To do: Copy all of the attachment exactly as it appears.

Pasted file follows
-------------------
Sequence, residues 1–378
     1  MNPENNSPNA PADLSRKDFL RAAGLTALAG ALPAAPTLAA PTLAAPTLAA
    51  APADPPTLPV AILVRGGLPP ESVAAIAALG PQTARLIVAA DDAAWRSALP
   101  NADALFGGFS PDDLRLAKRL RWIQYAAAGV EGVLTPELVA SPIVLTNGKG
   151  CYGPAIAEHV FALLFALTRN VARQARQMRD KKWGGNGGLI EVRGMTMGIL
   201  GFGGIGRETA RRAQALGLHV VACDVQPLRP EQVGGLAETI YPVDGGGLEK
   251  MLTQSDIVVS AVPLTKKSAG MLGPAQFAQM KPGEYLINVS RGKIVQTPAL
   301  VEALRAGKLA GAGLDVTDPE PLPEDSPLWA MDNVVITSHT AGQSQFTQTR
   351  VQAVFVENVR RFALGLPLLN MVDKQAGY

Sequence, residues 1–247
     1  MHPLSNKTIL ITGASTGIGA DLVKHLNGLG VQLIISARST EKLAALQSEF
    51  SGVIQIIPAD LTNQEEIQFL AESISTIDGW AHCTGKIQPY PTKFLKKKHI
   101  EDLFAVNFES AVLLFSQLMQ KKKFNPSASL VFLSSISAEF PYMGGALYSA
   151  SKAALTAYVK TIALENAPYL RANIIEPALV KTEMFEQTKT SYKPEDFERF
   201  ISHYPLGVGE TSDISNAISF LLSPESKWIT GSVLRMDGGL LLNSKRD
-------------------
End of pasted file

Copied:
Sequence, residues 1–378
     1  MNPENNSPNA PADLSRKDFL RAAGLTALAG ALPAAPTLAA PTLAAPTLAA
    51  APADPPTLPV AILVRGGLPP ESVAAIAALG PQTARLIVAA DDAAWRSALP
   101  NADALFGGFS PDDLRLAKRL RWIQYAAAGV EGVLTPELVA SPIVLTNGKG
   151  CYGPAIAEHV FALLFALTRN VARQARQMRD KKWGGNGGLI EVRGMTMGIL
   201  GFGGIGRETA RRAQALGLHV VACDVQPLRP EQVGGLAETI YPVDGGGLEK
   251  MLTQSDIVVS AVPLTKKSAG MLGPAQFAQM KPGEYLINVS RGKIVQTPAL
   301  VEALRAGKLA GAGLDVTDPE PLPEDSPLWA MDNVVITSHT AGQSQFTQTR
   351  VQAVFVENVR RFALGLPLLN MVDKQAGY

Sequence, residues 1–247
     1  MHPLSNKTIL ITGASTGIGA DLVKHLNGLG VQLIISARST EKLAALQSEF
    51  SGVIQIIPAD LTNQEEIQFL AESISTIDGW AHCTGKIQPY PTKFLKKKHI
   101  EDLFAVNFES AVLLFSQLMQ KKKFNPSASL VFLSSISAEF PYMGGALYSA
   151  SKAALTAYVK TIALENAPYL RANIIEPALV KTEMFEQTKT SYKPEDFERF
   201  ISHYPLGVGE TSDISNAISF LLSPESKWIT GSVLRMDGGL LLNSKRD